Patola sarees made in Patan, Gujrat, have a royal legacy. The sarees were first woven for the kings and queens of the Solanki empire. These double ikat sarees are extremely expensive because it takes more than 6 months to weave each saree. Besides, Patola weaving is a family tradition restricted to a select few.
Price: 7,000 to 15,000 INR
Dhakai Zamdani is a famous saree from Dhaka, Bangladesh, but it is also produced in India now. However, half-Dhakai's are rare. As you can see, there are three distinct parts of this saree. The body of the saree is white, the pleats are black and the pallu is a combination of black and white.
Price: 5,000 to 7,000 INR
These days, hybrid sarees are being made by mixing two traditional sarees. Jute silk sarees are a classic example. These sarees are woven by mixing equal proportions of jute and silk.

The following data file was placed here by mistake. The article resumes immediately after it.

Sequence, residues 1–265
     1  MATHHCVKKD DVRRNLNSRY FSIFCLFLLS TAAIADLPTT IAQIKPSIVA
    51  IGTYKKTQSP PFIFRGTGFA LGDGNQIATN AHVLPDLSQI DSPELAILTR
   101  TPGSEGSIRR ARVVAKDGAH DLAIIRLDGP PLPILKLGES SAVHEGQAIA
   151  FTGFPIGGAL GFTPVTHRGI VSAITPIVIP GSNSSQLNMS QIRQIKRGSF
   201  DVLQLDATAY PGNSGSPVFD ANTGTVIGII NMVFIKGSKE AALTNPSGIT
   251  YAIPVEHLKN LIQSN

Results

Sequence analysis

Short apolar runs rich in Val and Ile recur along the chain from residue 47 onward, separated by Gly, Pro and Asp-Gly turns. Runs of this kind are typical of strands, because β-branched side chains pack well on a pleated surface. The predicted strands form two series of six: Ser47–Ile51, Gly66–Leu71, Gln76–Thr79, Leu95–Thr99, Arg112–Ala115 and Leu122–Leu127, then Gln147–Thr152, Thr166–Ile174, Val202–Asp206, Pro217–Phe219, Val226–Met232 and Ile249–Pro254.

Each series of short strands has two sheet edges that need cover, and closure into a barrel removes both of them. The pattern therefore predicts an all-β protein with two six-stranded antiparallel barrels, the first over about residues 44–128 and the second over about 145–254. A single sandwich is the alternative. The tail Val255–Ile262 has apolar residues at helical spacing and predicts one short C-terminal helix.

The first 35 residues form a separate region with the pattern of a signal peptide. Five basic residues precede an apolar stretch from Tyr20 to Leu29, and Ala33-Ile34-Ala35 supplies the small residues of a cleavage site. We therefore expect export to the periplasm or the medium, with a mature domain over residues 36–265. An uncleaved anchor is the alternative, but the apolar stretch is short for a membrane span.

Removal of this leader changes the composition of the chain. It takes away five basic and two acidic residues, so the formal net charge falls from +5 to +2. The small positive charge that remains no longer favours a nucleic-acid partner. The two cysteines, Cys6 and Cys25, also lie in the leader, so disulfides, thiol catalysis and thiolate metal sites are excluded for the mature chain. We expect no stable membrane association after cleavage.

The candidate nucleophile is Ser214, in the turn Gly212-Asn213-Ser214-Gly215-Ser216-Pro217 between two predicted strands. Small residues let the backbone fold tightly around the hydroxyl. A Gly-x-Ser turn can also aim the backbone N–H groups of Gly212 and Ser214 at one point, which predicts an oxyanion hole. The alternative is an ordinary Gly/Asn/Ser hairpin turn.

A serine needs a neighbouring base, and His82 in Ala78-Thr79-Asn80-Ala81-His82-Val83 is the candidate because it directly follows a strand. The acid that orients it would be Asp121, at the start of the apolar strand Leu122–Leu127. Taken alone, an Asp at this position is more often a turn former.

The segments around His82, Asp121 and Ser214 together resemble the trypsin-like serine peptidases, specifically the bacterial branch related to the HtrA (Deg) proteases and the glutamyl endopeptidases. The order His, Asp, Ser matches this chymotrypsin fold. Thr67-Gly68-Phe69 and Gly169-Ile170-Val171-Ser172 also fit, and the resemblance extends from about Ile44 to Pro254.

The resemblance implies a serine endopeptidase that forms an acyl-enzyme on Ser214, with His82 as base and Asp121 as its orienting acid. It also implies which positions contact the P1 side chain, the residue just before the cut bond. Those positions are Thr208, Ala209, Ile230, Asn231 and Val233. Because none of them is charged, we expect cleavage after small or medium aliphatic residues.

Price: 2500 to 4000 INR
Kora silk is a variety of Banarasi silk sarees. The saree's fabric is organza giving it a light presence. This particular saree on display is called the ‘Nilambari' saree as it has various shades of blue.
Price: 3,000 to 7,000 INR
Bengali women wear a traditional red and white saree. This saree is most often a garad or a korial. This saree has a papery texture and is always worn on religious occasions. While earlier these sarees were plain red and white, now there are many designer versions available.
Price: 2,500 to 4,000 INR
Orissa has many different sarees that are both traditional and rare. Kotki is recognised by its jagged temple like patterns. These traditional sarees are now being re-discovered by modern fashion designers again.
Price: 3,000 to 8,000 INR
Chanderi sarees are very popular creations from Madhya Pradesh. These sarees are characteristically very thin and transparent. This particular Chanderi has been embroidered with jute threads which makes it a hybrid.
Price: 15,000 to 20,000 INR